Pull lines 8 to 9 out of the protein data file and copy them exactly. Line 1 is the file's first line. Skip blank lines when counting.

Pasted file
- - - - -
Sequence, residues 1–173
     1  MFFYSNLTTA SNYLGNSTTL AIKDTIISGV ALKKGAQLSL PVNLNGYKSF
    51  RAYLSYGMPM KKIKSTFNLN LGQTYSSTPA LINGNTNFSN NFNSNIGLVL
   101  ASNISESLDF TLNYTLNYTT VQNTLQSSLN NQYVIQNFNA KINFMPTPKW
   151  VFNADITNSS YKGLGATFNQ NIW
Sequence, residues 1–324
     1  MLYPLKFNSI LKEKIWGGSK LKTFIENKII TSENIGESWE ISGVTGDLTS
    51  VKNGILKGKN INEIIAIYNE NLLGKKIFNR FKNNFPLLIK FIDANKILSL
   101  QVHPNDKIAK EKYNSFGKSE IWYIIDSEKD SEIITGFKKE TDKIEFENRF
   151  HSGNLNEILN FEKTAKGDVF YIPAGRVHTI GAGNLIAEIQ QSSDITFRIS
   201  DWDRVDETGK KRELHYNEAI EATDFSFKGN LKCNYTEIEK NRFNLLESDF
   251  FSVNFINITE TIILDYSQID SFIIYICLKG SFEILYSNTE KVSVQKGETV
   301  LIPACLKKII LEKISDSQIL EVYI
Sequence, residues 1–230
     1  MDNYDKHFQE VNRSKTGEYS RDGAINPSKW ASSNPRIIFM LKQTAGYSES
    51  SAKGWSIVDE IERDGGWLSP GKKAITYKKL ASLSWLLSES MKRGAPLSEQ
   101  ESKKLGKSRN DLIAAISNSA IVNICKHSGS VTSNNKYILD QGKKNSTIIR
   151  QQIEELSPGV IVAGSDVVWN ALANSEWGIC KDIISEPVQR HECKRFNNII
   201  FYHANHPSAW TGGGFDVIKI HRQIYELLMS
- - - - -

    51  VKNGILKGKN INEIIAIYNE NLLGKKIFNR FKNNFPLLIK FIDANKILSL
   101  QVHPNDKIAK EKYNSFGKSE IWYIIDSEKD SEIITGFKKE TDKIEFENRF